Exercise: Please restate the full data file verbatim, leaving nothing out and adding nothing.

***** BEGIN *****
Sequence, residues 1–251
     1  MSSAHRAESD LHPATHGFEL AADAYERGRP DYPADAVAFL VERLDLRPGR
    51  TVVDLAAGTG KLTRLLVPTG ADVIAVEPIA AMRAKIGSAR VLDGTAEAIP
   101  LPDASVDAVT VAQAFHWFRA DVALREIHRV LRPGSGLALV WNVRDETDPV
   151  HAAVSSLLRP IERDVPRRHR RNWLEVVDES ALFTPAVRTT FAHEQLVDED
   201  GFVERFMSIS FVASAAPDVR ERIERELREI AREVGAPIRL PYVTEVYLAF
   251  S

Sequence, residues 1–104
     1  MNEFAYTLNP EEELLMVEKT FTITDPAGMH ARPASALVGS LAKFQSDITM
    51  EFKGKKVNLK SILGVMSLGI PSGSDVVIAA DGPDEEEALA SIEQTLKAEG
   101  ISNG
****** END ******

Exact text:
Sequence, residues 1–251
     1  MSSAHRAESD LHPATHGFEL AADAYERGRP DYPADAVAFL VERLDLRPGR
    51  TVVDLAAGTG KLTRLLVPTG ADVIAVEPIA AMRAKIGSAR VLDGTAEAIP
   101  LPDASVDAVT VAQAFHWFRA DVALREIHRV LRPGSGLALV WNVRDETDPV
   151  HAAVSSLLRP IERDVPRRHR RNWLEVVDES ALFTPAVRTT FAHEQLVDED
   201  GFVERFMSIS FVASAAPDVR ERIERELREI AREVGAPIRL PYVTEVYLAF
   251  S

Sequence, residues 1–104
     1  MNEFAYTLNP EEELLMVEKT FTITDPAGMH ARPASALVGS LAKFQSDITM
    51  EFKGKKVNLK SILGVMSLGI PSGSDVVIAA DGPDEEEALA SIEQTLKAEG
   101  ISNG